Shared insight on how molecular profiling can impact the management of EGFR exon 20 insertion–positive NSCLC and how patient advocacy groups can help patients to interpret test results.
Estelamari Rodriguez, M.D., MPH: The other thing I wanted to highlight is that in the past, EGFR mutations were first described in women who were non-smokers and Asian women. I still feel there’s a big bias from physicians who take care of patients with cancer, that if they see patients who are heavy smokers or patients who are older, they may not think of these mutations because they’re attributing them to younger patients. I don’t know the age of your husband when he was diagnosed, but I have seen in my practice patients of all ages who present with this diagnosis. To me, the only indication for testing is the diagnosis of lung cancer, not how the patient looks or where the patient comes from, because the smoking history doesn’t really determine how these mutations present.
Katina Bland: Absolutely. You’re 100% correct. My husband was 48 years young when he was diagnosed. He was an extremely healthy and fit man; he is an athlete. He was a coach, and just very fit and very careful about what he ate, and maintaining a healthy lifestyle, and he never smoked. There was no reason to indicate that not only would he have potentially cancer, but lung cancer. It was really shocking for us to learn that. There are quite a few other patients who are to this day at this time undiagnosed, or even in some cases misdiagnosed because they don’t know what to look for and potentially use the wrong testing to identify exactly what kind of cancer they have. At Exon 20 Group, we try to help patients with that by advocating for them. We get quite a few questions that we field on a regular basis, either calls that we get or emails, regarding if these patients have received the right or the best testing. It’s an overwhelming majority of patients we’ve found who had their tissue tested by NGS [next-generation sequencing] laboratories, which is the right direction they want to be going. You mentioned the Guardant360 test, NeoGenomics, Foundation Medicine, Caris, Tempus—those are several of the laboratories that are doing the correct and accurate testing to get these patients the appropriate sequencing they need to understand, so that they can be successful in battling their cancer.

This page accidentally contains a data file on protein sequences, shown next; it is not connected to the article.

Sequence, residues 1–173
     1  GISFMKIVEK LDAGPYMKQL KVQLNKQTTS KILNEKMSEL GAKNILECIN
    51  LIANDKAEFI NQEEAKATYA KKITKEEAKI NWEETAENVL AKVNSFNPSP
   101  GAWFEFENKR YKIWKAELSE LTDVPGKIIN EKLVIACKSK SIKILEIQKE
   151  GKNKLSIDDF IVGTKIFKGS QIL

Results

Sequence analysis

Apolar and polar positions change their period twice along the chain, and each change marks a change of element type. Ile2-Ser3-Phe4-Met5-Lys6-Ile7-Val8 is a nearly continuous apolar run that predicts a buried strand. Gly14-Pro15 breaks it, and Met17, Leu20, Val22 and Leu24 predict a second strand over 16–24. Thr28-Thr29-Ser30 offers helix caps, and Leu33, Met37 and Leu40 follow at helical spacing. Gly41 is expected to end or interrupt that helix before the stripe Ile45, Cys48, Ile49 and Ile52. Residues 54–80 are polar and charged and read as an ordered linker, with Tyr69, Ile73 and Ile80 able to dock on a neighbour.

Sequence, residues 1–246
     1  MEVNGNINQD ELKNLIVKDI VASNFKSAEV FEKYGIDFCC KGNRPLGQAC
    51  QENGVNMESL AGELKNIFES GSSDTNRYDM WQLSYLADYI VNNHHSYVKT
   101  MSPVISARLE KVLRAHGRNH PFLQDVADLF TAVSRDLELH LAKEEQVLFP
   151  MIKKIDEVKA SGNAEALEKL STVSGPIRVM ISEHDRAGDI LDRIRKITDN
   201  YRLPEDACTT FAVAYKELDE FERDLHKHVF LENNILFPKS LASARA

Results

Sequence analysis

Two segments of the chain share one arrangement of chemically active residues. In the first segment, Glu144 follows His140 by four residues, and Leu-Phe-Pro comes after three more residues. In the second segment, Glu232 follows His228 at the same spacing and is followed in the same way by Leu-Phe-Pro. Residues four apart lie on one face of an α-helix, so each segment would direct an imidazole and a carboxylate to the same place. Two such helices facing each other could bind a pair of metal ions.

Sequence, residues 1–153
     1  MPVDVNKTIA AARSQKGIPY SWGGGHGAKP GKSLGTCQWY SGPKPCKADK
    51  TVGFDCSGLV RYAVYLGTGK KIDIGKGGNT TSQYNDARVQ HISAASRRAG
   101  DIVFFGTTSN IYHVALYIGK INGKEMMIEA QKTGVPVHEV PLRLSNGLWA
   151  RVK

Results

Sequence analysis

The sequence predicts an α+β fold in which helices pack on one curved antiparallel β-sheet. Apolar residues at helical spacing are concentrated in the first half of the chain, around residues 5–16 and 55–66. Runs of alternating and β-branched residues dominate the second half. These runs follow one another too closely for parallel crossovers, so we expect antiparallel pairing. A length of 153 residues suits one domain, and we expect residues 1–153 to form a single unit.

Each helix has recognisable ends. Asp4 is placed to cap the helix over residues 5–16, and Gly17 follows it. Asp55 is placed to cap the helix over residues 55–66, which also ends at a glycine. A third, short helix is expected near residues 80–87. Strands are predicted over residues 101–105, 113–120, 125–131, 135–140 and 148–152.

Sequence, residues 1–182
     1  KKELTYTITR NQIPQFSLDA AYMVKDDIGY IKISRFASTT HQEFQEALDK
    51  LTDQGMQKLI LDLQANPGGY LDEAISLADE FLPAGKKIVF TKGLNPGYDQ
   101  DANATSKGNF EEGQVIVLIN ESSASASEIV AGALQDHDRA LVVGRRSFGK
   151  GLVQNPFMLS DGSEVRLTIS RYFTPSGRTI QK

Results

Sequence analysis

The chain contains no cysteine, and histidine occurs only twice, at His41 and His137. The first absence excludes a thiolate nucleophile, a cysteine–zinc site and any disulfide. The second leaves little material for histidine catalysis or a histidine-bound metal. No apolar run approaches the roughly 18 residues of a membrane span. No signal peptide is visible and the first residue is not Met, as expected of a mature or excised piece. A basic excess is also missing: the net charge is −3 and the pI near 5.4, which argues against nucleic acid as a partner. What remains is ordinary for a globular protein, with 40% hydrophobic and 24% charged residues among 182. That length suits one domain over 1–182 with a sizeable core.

Estelamari Rodriguez, M.D., MPH:Thank you. I have to say that the role that you play, the patient advocacy groups in education, is critical because I see patients who, when we give them this diagnosis of cancer, go blank. I feel that it’s a lot of information, and to try to explain genetic sequencing at that stage and retain all that information is overwhelming. I think patients are feeling sick and have an urgency to start treatment. I think that’s when caregivers are critical to the team because they may have the resources and the time to seek out this information. I’m very excited to hear about the resources that the organization has. I wanted to ask you what kind of challenges you have seen patients report in terms of the testing when they come and ask questions. What kind of challenges have patients described?
Katina Bland: Well, there are a number of challenges. Sometimes they start right at the basic level of, “We can’t understand this testing report. Can you decode it for us? Can you help us understand what this means?” Sometimes that can mean helping the patient to understand a little better the terminology, I suppose just the vernacular in this world that we live in, in fighting cancer. Sometimes it can mean coming alongside the clinician and discussing not necessarily how to read the report, but some ideas and approaches, best practices and standards, making sure they’re aware of clinical trials, making sure that they’re aware of the new drugs that have been approved, and different options that their patients have available to them that they may or may not be aware of.
Estelamari Rodriguez, M.D., MPH: I think that is critical. We need to engage patient advocates, we need to engage caregivers so that we give patients the best tools, and also so that patients can become their own self-advocates. Patients present with symptoms, and we have chemotherapy, and we have immunotherapy, and we know that we can do a disservice to a patient who would do better with a different treatment if we don’t look for them. This has been looked at. We always think as doctors, we’re all doing the right thing, but in the last oncology conference, they presented data from the whole country and community practices and academic centers. Only about half of the patients who start their first treatment for advanced lung cancer have the genetic information at hand when that treatment started. There’s a significant number of patients who may be started on chemotherapy or immunotherapy, and they have molecular drivers that will do better with a targeted therapy. One thing that we’ll talk about is that these treatments, in a way, are different than chemotherapy and immunotherapy. In some ways, they can keep your quality of life longer and they can be easier to tolerate in some ways.
Transcript edited for clarity.